The structure and operation of mullion heaters are generally well known and such an anti-sweat heater is deemed to be one of the most cost effective manners of preventing the collection of condensation on the housing. As a result, one demand supply response to a peak pricing period can now be to turn off the mullion heaters since the inactivated anti-sweat heaters can be turned on once the sweat or moisture is detected. It is also contemplated that if the energy savings period is still active, another response is to reduce the voltage or alter the operation of the anti-sweat heaters, e.g., the voltage can be pulsed or proportionally controlled, etc.

The disclosure has been described with reference to the preferred embodiments. Obviously, modifications and alterations will occur to others upon reading and understanding the preceding detailed description. It is intended that the invention be construed as including all such modifications and alterations.

Claims (11)

What is claimed is:
1. A refrigerator comprising:
a housing enclosing a cooled storage compartment, the housing comprising a mullion;
at least one sensor configured to detect moisture on a region of the housing, the region being one or more areas of the housing where moisture tends to form including the mullion, the region having less insulation relative to adjacent regions of the housing;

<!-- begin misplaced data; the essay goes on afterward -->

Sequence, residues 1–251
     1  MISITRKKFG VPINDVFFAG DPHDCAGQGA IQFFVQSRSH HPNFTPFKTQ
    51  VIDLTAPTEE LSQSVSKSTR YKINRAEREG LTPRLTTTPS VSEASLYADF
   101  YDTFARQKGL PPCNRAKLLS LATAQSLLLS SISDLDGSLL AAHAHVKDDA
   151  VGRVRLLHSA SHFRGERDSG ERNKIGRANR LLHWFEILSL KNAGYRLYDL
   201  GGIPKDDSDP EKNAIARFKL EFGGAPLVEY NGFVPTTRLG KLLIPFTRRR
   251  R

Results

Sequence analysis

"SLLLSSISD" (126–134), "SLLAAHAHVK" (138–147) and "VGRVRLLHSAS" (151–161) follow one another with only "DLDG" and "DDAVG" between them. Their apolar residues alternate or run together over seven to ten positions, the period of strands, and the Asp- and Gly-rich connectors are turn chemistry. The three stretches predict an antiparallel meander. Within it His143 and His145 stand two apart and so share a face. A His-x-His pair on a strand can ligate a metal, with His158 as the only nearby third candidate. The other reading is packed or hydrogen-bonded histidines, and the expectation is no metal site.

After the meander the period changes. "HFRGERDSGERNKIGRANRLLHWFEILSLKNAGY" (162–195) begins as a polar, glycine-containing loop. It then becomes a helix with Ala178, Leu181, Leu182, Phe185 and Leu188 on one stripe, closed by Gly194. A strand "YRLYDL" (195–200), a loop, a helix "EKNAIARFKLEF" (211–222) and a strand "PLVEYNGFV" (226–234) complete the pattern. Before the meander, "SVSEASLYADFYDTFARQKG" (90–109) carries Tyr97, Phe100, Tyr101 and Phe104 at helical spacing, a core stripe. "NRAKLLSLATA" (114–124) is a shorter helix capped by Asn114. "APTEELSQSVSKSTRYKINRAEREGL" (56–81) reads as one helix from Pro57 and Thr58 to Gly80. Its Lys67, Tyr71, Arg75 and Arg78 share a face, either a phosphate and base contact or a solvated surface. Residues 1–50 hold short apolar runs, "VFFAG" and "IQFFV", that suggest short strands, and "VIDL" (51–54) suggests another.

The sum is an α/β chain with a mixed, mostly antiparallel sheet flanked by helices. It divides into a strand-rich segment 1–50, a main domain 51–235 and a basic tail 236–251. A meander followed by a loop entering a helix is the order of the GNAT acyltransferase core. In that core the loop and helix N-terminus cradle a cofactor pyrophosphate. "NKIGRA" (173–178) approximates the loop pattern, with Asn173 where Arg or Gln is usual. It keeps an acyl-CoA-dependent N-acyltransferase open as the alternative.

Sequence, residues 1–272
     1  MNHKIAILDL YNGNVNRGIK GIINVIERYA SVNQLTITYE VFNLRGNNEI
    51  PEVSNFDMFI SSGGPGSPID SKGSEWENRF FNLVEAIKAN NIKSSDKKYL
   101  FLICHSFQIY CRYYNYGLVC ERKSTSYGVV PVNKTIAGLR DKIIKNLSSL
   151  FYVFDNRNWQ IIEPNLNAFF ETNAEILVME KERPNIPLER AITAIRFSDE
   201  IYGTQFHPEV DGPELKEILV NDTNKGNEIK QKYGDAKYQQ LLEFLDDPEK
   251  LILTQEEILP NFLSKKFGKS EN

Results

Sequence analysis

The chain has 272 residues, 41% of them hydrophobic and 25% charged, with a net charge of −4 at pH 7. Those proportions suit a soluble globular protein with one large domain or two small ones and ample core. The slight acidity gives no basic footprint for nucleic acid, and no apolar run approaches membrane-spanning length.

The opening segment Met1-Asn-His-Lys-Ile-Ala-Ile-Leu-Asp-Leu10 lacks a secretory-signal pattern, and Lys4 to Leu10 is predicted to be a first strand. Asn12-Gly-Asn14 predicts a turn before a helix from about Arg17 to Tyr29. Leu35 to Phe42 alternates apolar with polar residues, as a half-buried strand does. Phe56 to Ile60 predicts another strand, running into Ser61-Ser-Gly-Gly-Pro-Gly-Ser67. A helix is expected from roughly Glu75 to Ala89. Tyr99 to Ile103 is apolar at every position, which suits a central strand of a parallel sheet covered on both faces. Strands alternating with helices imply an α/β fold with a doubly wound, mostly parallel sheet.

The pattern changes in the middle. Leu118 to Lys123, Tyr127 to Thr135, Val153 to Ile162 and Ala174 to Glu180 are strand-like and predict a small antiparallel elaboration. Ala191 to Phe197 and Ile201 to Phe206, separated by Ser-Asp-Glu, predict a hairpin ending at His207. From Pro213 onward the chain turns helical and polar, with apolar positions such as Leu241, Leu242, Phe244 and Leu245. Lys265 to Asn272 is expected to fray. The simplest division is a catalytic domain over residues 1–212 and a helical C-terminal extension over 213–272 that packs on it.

at least one anti-sweat heater located in said region and configured to heat said region, the at least one anti-sweat heater comprising an active mode and an inactive mode;
a controller operatively connected to one or more power consuming features/functions of the refrigerator, the controller configured to communicate with the at least one sensor to monitor moisture in said region, and receive and process a demand response signal from a utility and in response thereto operate the refrigerator in one of a plurality of operating modes including at least a normal operating mode and an energy savings mode when the demand response signal evokes an energy savings response, wherein the at least one anti-sweat heater is set to the active mode when the refrigerator is in the normal operating mode, and to the inactive mode when the refrigerator is in the energy savings mode, and